“Fifth Element is a great film! Die Hard, Rocky, Rambo, Predator, Alien, Mad Max, Last of the Mohicans, Schindler’s List, Mortal Kombat, the original Bloodsport, Boss Level – there’s a lot of great classics! I’m open to most films but those are some of my favourites.”
That’s not the sort of line you hear from most filmmakers, but Natasha Wanganeen (Cargo, Firebite) is no ordinary artist.
“Growing up the way I did in a family of 8, we didn’t really have a lot, to the point where I had no shoes for school, and we wouldn’t have lunch at times. My biggest aspiration was to work in a supermarket and have a steady job. My father always told me when you grow up you get a good job and a car and a home to call your own.
“Growing up on a Christian mission gave me a different perspective on what was important and what was needed to survive. As humans, we don’t really need that much to survive, most of what we have and use aren’t necessities.
“I broke into the biz through a community youth group my Aunty Josie Agius ran which was called Port Youth and is now known as Kurruru. I was 15 and was in a local secondary college called Tauondi College at the time studying Photography, Art and Hospitality. My aunt called and asked me to go to Port Youth with a bunch of other kids and we were put through group exercises with actor Rachel Maza and director Phillip Noyce.
“Coming from a mission and growing up in the suburbs I didn’t know who Phillip Noyce was at the time, but the audition was hilarious looking back and I understand why he gave me the job of Nina in Rabbit-Proof Fence.”
Natasha’s love of mainstream genre and her Indigenous heritage come together in Bunker: The Last Fleet, which she admits was made as a proof of concept for a bigger project.
“The world in which it lives is so vast and there are so many character stories to tell and threads to explore from how the alien invasion happened. We had originally intended this to be a web series and were working towards this, then with some interest coming in from various parties we began development of a feature film. We had a 6-week writers room last year where we workshopped and wrote a treatment for a feature.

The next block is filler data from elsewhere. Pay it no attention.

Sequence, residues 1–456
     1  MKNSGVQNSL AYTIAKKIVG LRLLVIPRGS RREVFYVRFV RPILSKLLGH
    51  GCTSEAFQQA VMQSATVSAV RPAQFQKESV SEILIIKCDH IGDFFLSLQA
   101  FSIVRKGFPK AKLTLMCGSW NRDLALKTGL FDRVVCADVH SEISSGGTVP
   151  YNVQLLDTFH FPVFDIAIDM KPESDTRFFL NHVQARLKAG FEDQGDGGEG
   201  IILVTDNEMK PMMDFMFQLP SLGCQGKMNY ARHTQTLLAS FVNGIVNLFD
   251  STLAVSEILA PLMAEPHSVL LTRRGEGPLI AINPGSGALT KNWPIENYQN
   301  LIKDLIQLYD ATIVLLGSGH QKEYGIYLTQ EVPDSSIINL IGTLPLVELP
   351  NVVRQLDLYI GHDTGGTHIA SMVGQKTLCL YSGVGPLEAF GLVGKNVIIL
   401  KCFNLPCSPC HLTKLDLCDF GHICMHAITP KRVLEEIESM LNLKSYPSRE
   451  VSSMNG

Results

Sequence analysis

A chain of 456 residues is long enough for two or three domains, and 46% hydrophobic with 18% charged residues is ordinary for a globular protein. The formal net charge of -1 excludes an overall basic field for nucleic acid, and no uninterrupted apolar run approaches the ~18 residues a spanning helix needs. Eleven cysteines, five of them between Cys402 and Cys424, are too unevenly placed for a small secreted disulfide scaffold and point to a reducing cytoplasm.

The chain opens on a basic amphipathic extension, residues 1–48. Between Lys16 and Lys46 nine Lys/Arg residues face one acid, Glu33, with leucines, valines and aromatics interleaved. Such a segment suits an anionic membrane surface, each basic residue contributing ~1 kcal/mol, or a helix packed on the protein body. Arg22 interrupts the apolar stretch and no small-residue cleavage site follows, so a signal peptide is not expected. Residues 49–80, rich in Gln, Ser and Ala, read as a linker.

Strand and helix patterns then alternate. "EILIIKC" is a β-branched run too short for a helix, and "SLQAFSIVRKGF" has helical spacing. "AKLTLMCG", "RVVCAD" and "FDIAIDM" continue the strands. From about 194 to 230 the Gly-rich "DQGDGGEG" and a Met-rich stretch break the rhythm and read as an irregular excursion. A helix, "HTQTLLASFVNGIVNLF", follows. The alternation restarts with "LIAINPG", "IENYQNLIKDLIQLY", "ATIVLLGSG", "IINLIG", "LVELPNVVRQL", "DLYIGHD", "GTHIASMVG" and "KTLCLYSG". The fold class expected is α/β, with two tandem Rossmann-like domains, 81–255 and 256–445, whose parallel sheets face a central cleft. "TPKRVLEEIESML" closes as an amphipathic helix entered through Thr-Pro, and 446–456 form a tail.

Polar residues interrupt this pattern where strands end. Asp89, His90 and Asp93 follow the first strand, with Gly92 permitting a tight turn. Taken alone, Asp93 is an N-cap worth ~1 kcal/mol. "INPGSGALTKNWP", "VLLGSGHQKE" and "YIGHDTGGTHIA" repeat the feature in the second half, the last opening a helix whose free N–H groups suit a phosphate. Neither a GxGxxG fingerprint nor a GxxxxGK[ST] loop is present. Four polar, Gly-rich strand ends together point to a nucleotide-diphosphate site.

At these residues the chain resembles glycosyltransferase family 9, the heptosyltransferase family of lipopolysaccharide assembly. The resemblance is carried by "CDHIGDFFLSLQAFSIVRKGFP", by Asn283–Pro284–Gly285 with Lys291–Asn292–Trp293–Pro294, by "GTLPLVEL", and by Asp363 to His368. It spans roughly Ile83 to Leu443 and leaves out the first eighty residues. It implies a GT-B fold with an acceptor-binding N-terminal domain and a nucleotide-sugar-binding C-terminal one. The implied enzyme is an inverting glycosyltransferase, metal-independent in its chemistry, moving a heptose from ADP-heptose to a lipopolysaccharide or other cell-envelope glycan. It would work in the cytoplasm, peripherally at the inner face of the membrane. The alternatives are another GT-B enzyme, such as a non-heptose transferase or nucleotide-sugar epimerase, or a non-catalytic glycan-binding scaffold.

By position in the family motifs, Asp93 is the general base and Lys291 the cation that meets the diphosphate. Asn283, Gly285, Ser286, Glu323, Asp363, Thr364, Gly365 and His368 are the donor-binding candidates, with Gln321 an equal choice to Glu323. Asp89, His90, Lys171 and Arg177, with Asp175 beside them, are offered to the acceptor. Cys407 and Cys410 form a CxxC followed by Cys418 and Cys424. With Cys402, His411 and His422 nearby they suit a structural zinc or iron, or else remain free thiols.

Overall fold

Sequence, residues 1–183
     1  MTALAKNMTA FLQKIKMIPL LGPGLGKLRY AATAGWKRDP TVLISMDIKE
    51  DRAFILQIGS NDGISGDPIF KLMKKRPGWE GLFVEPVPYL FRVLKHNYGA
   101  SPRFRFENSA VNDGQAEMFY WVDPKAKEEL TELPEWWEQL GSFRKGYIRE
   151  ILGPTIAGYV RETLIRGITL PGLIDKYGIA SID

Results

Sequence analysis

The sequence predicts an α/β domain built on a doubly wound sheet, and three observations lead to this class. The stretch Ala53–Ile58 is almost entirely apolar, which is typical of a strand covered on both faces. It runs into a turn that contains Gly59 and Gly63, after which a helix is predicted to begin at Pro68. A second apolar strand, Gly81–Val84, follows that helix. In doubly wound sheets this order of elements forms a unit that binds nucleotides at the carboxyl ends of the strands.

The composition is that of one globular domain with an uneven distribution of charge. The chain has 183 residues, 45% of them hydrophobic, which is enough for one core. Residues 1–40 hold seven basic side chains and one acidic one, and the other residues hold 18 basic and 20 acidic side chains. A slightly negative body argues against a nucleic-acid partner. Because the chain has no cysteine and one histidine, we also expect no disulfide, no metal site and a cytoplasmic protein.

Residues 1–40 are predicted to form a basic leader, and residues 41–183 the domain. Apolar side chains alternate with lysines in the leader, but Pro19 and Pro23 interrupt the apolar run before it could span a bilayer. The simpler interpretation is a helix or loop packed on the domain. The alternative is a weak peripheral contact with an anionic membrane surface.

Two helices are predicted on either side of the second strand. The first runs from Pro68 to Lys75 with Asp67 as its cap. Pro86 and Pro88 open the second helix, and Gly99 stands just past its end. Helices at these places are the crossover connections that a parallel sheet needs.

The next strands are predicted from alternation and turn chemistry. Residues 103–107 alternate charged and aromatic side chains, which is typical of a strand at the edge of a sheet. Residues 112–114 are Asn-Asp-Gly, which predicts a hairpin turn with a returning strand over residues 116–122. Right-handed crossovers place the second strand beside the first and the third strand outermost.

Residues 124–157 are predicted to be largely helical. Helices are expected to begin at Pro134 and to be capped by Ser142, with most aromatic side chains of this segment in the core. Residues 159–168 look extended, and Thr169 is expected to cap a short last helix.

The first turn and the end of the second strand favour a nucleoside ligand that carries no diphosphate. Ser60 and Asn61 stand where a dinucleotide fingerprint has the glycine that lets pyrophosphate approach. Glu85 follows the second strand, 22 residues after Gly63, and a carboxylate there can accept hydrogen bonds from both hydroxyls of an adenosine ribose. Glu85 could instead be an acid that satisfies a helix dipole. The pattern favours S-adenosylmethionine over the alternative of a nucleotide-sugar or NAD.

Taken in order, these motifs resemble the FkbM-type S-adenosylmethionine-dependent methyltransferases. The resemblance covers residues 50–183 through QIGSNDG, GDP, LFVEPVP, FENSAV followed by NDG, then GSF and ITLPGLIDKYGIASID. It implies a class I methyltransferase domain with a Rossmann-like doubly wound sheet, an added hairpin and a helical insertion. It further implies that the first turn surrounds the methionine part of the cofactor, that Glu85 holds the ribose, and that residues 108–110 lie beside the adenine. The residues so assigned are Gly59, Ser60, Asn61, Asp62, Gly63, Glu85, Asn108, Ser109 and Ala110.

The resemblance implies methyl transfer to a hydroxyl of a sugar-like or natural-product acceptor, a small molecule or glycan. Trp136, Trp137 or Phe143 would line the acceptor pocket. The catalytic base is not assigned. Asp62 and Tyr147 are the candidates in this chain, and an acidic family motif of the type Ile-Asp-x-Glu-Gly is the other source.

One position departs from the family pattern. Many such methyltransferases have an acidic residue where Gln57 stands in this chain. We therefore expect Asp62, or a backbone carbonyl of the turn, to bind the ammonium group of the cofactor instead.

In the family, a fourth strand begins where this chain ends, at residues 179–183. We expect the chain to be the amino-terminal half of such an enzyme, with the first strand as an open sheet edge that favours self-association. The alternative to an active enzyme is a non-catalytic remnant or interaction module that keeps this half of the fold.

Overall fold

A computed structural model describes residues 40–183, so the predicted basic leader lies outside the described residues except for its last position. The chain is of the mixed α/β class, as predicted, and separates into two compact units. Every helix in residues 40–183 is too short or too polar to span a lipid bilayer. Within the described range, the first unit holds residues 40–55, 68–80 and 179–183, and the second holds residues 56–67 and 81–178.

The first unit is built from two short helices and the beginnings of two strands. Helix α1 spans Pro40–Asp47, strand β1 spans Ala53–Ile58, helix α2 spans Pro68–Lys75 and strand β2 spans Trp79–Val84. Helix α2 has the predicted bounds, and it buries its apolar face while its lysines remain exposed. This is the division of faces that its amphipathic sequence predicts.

“Currently we are in the process of writing the script, applying for development funding and seeking private investment.”
According to its synopsis, Bunker: The Last Fleet is set in the year 2057. ‘For six years, the extra-terrestrial invaders have occupied our world. The harvest of humankind has begun. When they arrived, everything was lost. The people, the land, the system… gone. For Tjarra (Wanganeen) and Reo (Ro Phung), hope, it seems, is hard to find in the midst of a storm.’
“I became involved with Bunker in 2019 when Rowan Pullen contacted me through Facebook,” Wanganeen tells us, referring to the film’s co-writer/co-director. “We had mutual friends in the local industry, so I accepted his invitation to work on this project together with Stephen Potter [co-writer/co-director] and Michael Kumnick [production designer]. Looking at their previous work I was keen to have some fun with it as it was my first lead in a short film in a genre that I absolutely love.”
Wanganeen quickly became a crucial collaborator, bringing on the likes of Indigenous actor Trevor Jamieson (pictured with her below) and Indigenous elders.
“We had discussions with our elders here in Adelaide and explained our short film idea as we needed to make sure certain cultural content was alright to use, talk about, or add to our story,” she says. “We also wanted them to be a part of the process as custodians of the land we are living on and made the film on. Their insights were incredibly helpful, and they made a cameo in the film as well, which was amazing.”
Self-financed for around $30,000, Wanganeen is the first to admit that if it wasn’t for the in-kind support, that the project would not have been produced to the required levels for a genre piece.
“To make a high concept sci-fi the production value is important, which can quickly hurt the pocket. However, when all you have is time, we knew that if we just had the right artists on board, then the quality of design would still be high!
“In the pre-production stage, concept and art design artist Michael Kumnick (I Am Mother, Cargo, 2067) became our ‘Jack of all trades artist’. Working with Michael using programs like Procreate meant that we could develop storyboard animatics to promote and recruit other artists. For example, fundraising film events and costume green screen tests promoted on social media helped us recruit and promote our film, leading to the next stage of production.
“This sort of model was simply repeated in production, recruiting award-winning cinematographer Maxx Corkindale, and so we could now develop further interest with a press kit. Which in turn led to bringing on [producer] Jessica Giacco who helped us develop our website and vision for the feature formats.
“In post-production, Rowan reached out to lecturers at the Adelaide College of the Arts and we were able to pull together a team of students to understudy Senior VFX artists Chris La and Eric Hawksley from Method Studios.
“The post stage was a grind and financially the toughest to fund and we could not have achieved this without the talented editor’s eye of Nick Crowhurst, powerful sound design of Blue Lounge Sound Studios Composer, and talented musician Richie Robinson.”